Meanwhile, as Newman’s funding cuts and political tactics prompt something of a public backlash, we hear that ousted premier Anna Bligh has been seen heading off on holiday from Brisbane airport with her husband, both “looking extremely well rested”. Our mole wonders if we’ll see Bligh in the political sphere again. Perhaps a federal foray?

Patrons MIFFed. Seems like there have been a few technical stuff-ups at the Melbourne International Film Festival. We hear that a Saturday afternoon screening of director Rodney Ascher’s documentary Room 237 was thrown into disarray when the disc or file used to project it skipped more than 10 times, each skip generating increasingly loud groans from the audience. Projection problems then beset the film’s final five minutes; the footage displayed as incomprehensible visual gibberish. Finally, the “load” screen used in Sony software such as Sony Playstation appeared as disgruntled viewers headed for the exit.

Meanwhile, upstairs in Cinema 6, MIFF punters booked in to see German filmmaker Werner Herzog’s new documentary Into the Abyss were treated to a screening of not just the wrong film, but footage from the wrong medium. They watched two television episodes of Herzog’s series Death Row. Volunteers stopped the screening mid-session to resolve a “technical difficulty” that most of the audience had figured out was not a problem at all — since it was a two-part screening, the same introduction to each episode played, making it seem like the film had started again.

With no announcement from staff afterwards, many festival punters may have left believing they had seen the Herzog film they’d paid for. MIFF have now announced it will be running a screening of the correct Into the Abyss on Sunday for those that missed out. But one punter told us things could had have been worse, reminiscing about last year’s MIFF, in which during a screening of director Tom Twyker’s love triangle drama Three, the message “not for public viewing” flashed up every 15 minutes.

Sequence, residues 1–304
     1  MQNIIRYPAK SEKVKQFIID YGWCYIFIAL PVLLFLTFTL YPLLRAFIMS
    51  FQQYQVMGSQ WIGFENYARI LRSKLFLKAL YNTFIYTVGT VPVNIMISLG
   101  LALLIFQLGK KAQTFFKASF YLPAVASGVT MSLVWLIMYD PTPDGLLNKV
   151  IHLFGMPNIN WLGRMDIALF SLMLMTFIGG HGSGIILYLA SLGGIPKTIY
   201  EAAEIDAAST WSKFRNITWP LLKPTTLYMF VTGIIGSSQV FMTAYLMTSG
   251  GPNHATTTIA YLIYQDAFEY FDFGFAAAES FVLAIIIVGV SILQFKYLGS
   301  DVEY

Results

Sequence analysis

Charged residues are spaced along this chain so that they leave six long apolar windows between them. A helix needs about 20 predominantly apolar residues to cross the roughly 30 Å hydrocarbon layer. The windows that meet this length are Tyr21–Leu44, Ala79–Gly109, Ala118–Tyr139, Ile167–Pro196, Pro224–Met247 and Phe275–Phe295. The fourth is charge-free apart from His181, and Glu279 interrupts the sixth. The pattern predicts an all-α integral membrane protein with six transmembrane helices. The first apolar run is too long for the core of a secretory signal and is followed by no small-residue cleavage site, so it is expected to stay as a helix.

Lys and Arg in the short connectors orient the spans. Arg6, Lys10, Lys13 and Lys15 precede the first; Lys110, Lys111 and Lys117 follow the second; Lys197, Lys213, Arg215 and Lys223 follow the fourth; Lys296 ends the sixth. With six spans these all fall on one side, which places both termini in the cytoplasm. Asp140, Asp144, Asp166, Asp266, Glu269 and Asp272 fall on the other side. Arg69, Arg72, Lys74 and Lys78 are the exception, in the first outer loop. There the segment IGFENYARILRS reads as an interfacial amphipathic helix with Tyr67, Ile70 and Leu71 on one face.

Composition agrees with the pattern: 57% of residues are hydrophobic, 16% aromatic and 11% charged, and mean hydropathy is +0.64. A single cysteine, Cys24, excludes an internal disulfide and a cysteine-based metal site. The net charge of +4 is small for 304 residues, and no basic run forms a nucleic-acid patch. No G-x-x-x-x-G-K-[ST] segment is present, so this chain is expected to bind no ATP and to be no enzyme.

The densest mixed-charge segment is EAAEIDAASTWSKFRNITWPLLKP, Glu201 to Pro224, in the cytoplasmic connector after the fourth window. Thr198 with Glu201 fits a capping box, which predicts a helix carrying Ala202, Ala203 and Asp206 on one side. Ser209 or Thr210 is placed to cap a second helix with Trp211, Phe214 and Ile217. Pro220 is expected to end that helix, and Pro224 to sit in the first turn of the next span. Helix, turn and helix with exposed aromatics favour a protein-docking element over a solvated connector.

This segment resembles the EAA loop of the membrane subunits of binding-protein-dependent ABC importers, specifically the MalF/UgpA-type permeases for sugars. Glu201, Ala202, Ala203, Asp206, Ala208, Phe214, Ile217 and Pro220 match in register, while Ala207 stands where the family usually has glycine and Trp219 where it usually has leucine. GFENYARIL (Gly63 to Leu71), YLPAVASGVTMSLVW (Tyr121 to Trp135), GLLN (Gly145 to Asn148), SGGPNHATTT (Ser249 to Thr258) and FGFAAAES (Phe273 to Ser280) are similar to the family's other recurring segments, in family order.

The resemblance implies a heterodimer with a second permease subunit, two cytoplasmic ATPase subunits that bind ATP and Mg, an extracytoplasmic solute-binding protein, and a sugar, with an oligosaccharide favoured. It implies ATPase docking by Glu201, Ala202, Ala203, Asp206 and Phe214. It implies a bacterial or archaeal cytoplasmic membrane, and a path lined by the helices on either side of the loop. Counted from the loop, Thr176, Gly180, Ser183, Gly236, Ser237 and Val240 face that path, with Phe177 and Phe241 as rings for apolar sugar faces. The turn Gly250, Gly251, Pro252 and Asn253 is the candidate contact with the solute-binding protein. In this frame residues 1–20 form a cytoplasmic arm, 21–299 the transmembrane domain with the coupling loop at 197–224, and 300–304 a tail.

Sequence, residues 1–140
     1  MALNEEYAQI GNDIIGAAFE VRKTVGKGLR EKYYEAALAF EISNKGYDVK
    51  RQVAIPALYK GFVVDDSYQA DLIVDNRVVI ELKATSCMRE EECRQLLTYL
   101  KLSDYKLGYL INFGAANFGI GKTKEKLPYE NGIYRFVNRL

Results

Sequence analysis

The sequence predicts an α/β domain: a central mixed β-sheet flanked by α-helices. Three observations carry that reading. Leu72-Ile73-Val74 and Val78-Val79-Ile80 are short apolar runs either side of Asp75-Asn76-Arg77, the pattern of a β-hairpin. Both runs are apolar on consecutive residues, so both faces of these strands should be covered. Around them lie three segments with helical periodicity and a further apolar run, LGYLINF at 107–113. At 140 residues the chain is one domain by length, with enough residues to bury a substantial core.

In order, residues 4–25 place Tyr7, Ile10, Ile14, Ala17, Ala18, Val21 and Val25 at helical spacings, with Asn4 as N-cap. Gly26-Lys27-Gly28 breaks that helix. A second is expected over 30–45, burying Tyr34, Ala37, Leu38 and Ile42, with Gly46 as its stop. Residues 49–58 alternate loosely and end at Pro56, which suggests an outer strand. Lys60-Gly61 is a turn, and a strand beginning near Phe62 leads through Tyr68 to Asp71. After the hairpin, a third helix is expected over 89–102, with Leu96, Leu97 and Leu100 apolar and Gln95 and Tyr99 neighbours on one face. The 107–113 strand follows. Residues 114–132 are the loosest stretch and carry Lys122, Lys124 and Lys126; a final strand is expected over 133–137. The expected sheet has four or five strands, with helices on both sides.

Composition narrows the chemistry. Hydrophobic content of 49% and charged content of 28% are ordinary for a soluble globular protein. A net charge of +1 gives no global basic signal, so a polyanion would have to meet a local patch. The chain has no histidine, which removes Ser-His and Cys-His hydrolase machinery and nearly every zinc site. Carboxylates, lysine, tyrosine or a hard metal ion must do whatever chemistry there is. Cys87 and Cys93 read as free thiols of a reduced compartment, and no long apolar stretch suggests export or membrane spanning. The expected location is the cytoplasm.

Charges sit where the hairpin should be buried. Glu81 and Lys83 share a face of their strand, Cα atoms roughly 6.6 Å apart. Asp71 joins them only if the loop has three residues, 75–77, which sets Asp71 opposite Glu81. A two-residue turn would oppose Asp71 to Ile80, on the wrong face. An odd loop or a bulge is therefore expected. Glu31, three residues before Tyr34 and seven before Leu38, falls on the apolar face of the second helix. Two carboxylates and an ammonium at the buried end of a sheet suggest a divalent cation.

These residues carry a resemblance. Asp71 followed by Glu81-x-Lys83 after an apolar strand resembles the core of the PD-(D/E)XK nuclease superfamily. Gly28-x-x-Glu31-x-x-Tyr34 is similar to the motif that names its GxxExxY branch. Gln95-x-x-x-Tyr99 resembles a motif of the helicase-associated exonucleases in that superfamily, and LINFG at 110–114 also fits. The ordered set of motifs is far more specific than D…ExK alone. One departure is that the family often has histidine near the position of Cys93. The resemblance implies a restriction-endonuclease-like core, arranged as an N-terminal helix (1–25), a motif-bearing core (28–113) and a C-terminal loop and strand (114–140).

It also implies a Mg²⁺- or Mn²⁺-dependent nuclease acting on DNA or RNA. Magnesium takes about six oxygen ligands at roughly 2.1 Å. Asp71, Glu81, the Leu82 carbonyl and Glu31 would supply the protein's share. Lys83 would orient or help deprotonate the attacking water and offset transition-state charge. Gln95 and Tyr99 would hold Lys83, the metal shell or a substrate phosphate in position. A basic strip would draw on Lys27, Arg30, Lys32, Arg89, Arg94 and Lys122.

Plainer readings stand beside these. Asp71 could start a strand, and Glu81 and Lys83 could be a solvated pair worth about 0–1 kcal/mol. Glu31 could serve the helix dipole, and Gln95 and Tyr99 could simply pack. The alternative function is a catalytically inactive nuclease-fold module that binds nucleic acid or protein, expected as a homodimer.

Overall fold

To be fair to MIFF, the 60-year-old festival, which winds up on August 19, is going through a particularly tricky period as it moves from film to digital cinema projection. Perhaps the technical stuff-ups add an exciting edge to the cinema experience?

Landmark agreement on conmen. We’ve seen some dodgy “media opportunities” in our time. But this invite to Tasmania’s press pack seems like a con:

“The Minister for Consumer Protection, Nick McKim, will today take part in the signing of the first co-operative agreement with Victoria and New South Wales to crack down on travelling conmen. The NSW Minister for Fair Trading, Anthony Roberts, will also be in attendance.”

How many travelling conmen can there possibly be? And is there a separate taskforce for conwomen?

*Do you know more? Send your tips to [email protected] or use our guaranteed anonymous form

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Peter Fray
Peter Fray
Editor-in-chief of Crikey